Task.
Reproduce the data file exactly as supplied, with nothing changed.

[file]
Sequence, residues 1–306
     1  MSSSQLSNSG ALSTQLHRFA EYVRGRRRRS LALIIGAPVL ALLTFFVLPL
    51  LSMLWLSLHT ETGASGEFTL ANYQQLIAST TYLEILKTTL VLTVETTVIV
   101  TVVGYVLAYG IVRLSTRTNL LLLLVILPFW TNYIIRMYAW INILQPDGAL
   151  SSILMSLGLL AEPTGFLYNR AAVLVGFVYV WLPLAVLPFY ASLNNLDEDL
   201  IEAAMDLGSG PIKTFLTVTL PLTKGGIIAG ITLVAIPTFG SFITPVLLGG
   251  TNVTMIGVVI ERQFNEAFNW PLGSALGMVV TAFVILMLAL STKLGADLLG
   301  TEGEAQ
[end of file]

Sequence, residues 1–306
     1  MSSSQLSNSG ALSTQLHRFA EYVRGRRRRS LALIIGAPVL ALLTFFVLPL
    51  LSMLWLSLHT ETGASGEFTL ANYQQLIAST TYLEILKTTL VLTVETTVIV
   101  TVVGYVLAYG IVRLSTRTNL LLLLVILPFW TNYIIRMYAW INILQPDGAL
   151  SSILMSLGLL AEPTGFLYNR AAVLVGFVYV WLPLAVLPFY ASLNNLDEDL
   201  IEAAMDLGSG PIKTFLTVTL PLTKGGIIAG ITLVAIPTFG SFITPVLLGG
   251  TNVTMIGVVI ERQFNEAFNW PLGSALGMVV TAFVILMLAL STKLGADLLG
   301  TEGEAQ